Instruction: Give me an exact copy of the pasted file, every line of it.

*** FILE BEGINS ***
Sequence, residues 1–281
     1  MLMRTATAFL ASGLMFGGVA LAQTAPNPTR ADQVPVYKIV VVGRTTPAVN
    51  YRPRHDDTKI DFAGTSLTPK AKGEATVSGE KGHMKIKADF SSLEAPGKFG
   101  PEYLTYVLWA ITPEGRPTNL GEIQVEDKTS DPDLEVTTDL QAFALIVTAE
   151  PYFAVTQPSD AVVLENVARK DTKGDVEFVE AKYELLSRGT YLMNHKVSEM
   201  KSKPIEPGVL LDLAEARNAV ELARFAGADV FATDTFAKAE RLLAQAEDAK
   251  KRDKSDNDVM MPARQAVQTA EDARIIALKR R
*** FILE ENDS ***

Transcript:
Sequence, residues 1–281
     1  MLMRTATAFL ASGLMFGGVA LAQTAPNPTR ADQVPVYKIV VVGRTTPAVN
    51  YRPRHDDTKI DFAGTSLTPK AKGEATVSGE KGHMKIKADF SSLEAPGKFG
   101  PEYLTYVLWA ITPEGRPTNL GEIQVEDKTS DPDLEVTTDL QAFALIVTAE
   151  PYFAVTQPSD AVVLENVARK DTKGDVEFVE AKYELLSRGT YLMNHKVSEM
   201  KSKPIEPGVL LDLAEARNAV ELARFAGADV FATDTFAKAE RLLAQAEDAK
   251  KRDKSDNDVM MPARQAVQTA EDARIIALKR R